- – Must comply with employer’s instructions about the work.
- – Receive training from or at the direction of the employer.
- – Provide services that are integrated into the business.
- – Provide services that must be rendered personally.
- – Hire, supervise, and pay assistants for the employer.
- – Have a continuing working relationship with the employer.
- – Must follow set hours of work.
- – Work full-time for an employer.
- – Do their work on the employer’s premises.
- – Must do their work in a sequence set by the employer.
- – Must submit regular reports to the employer.
- – Receive payments of regular amounts at set intervals.
- – Receive payments for business and/or traveling expenses.
- – Rely on the employer to furnish tools and materials.
- – Lack a major investment in facilities used to perform the service.
- – Cannot make a profit or suffer a loss from their services.
- – Work for one employer at a time.
- – Do not offer their services to the general public.
- – Can be fired by the employer.
- – May quit work at any time without incurring liability.
None of the above factors were considered controlling, and there is no mathematical weighing of the factors. As stated before, it is a very subjective determination.
While the 20 factors above are still relevant, in more recent years the focus of IRS has shifted to 3 factors: behavioral control, financial control and relationship; which largely encompass the 20 factors listed above.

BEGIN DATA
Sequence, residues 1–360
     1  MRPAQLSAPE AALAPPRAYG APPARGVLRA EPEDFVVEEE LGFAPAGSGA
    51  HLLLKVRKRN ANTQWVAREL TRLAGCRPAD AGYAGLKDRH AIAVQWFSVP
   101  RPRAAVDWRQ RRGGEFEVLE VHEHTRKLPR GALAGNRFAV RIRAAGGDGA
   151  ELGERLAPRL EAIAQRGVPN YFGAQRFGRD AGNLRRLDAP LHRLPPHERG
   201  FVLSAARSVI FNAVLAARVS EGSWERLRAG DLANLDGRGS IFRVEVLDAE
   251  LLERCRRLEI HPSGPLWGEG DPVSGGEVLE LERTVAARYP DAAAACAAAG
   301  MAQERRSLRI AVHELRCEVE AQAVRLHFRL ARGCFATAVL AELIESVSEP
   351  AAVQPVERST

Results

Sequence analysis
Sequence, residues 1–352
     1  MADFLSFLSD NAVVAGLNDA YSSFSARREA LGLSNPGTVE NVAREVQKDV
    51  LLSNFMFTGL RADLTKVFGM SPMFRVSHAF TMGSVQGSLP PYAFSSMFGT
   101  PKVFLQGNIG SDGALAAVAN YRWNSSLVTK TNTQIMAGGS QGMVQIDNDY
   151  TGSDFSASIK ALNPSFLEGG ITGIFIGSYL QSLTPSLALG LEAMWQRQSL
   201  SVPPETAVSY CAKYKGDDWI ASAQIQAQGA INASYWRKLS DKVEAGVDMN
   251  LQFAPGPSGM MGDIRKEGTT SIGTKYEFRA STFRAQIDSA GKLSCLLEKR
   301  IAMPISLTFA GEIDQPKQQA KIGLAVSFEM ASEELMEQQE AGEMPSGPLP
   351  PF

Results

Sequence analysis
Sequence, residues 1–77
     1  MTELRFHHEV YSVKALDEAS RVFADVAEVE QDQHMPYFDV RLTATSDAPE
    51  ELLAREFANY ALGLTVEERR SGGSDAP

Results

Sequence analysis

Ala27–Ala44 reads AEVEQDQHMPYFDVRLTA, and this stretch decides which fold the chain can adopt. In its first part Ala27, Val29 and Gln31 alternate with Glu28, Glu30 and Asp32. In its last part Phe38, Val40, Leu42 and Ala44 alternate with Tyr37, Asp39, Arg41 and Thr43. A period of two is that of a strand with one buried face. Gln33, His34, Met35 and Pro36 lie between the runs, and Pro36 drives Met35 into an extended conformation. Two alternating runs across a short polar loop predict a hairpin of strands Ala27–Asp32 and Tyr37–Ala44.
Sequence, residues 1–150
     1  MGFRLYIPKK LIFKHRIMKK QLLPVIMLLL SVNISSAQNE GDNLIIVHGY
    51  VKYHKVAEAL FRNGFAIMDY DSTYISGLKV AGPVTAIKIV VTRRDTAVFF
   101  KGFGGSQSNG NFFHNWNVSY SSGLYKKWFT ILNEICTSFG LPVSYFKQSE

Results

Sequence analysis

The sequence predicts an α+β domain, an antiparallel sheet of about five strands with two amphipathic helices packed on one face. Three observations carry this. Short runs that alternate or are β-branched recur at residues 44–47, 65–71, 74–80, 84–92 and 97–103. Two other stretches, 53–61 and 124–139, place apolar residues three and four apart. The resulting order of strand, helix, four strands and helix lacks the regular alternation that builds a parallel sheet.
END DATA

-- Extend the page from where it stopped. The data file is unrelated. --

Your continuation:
Behavioral control – The IRS is likely to consider a worker to be an employee if the business has the right to direct and control the work performed by the worker, provides detailed instructions on when and where to work, what tools to us or where to purchase supplies and services, has evaluation systems to measure the details of how the work is done, and/or provides on-going training as to how to do the work.
Financial control – Employees are generally guaranteed a regular wage (plus possibly bonuses and commissions), whereas independent contractors are more often paid a flat fee for the job. Also, independent contractors typically have an investment in the equipment they use for the job, have an opportunity for profit or loss, and make their services available to others.